“Since I started producing vegetable crops, I am able to provide balanced diet food for my family. Worries of Writing materials provision and medication expense have gone from my thought,” happily says Mohammed.

Training and seed provision helps a family ensure food security

Mohamed, with five children, lives at Digelu Kidame Village some 225km east of the capital Addis Ababa. He is a subsistence farmer. He feeds his family farming barley and wheat on a one-half hectare of land that he inherited from his parents through rain-fed agriculture once a year.

The harvest he collected three years before was not sufficient to properly provide for the basic needs of his family. “My yearly income was meager. It was not adequate enough to feed my family all year round, let alone provide writing materials, school uniforms and medication.”

Mohamed regularly had to search for some sort of daily labor, often traveling a long distance from home to support his family’s needs as daily labor was not always accessible in the area. In such a case, his family had to face challenges of food and other basic needs. They had to miss lunch or dinner sometimes. Providing them with school materials was also a challenge.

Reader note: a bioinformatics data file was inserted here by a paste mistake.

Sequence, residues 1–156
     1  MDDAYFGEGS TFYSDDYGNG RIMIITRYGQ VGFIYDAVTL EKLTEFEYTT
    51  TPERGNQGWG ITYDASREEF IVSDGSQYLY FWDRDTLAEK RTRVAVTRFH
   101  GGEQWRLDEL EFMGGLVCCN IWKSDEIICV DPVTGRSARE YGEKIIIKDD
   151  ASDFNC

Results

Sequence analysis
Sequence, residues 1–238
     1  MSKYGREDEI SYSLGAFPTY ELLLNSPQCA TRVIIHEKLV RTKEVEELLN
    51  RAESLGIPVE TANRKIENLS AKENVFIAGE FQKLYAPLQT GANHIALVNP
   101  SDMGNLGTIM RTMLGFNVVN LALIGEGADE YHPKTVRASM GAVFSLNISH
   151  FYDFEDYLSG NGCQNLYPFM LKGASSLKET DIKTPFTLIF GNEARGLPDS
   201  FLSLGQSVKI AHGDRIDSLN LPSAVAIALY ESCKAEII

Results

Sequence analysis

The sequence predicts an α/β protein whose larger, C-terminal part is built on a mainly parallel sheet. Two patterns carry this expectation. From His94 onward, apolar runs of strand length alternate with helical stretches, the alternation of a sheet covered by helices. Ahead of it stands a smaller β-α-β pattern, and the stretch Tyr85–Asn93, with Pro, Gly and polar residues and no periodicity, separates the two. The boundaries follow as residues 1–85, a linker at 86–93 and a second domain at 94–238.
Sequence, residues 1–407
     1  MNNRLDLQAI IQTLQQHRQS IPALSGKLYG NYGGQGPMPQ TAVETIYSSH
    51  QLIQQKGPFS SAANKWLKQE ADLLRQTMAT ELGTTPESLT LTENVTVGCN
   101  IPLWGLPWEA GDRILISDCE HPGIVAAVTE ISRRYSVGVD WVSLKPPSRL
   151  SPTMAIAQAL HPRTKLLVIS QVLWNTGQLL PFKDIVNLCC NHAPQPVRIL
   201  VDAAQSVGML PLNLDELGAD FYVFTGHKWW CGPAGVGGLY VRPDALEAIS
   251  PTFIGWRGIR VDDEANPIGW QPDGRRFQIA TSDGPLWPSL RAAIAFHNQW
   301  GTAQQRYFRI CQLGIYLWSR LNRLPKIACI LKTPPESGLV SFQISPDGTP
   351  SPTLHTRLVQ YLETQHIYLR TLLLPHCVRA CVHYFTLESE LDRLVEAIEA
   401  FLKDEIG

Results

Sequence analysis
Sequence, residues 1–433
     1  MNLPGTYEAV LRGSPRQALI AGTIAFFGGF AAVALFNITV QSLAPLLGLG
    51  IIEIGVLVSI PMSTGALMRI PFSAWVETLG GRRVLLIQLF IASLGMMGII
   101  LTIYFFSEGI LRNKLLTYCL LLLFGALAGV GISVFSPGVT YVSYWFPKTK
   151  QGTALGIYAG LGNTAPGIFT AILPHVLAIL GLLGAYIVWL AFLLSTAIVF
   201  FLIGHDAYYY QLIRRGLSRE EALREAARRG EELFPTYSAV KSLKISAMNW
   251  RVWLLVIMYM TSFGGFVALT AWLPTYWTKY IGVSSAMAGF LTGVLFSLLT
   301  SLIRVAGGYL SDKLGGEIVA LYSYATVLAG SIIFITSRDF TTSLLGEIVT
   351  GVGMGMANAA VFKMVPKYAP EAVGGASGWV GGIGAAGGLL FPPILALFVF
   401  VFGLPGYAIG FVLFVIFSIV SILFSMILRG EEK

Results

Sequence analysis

Because of his family’s precarious situation, Mohamed was selected, along with 14 other farmers, to participate in a Gardening for Improved Nutrition and Increased Income group, supported by World Vision in collaboration with the local government. Members of the Income groups and recieved training on vegetable farming and were also supported them with vegetable seeds (including carrot, garlic, cabbage and potatoes) to enable them to increase their access to nutritious foods, diversify their incomes and ensure their food and nutrition security.

Mohammed weeding a vegitation with his family.

The organized farmers who received training and vegetable seed support from World Vision also learned how to use water from a nearby river to irrigate their crops. Thanks to the support, seeds and water, farmers are now producing various vegetables twice a year; one crop through rainfall and the second through irrigation. As a result, the livelihood of these farmers has now improved.

Mohamed now produces vegetable cash crops twice a year. He keeps some of it for his family’s consumption, he sells the rest to the local market and earns about US$2,500. He says, “Since I started producing vegetable crops [twice a year], I am able to provide a balanced diet for my family. Worries of [being able to provide] writing materials and medication expenses have gone from my thought.”

In addition to meeting his family’s basic needs, Mohamed was able to save enough money to buy a milk cow and constructed a residential house for his family. He is also planning to construct another house in a nearby town to rent. He has also a plan to expand his farming. “The farmland I have now is small. I want to contract some more hectares of land and expand my farming and send the vegetable productions to our district market,” he says.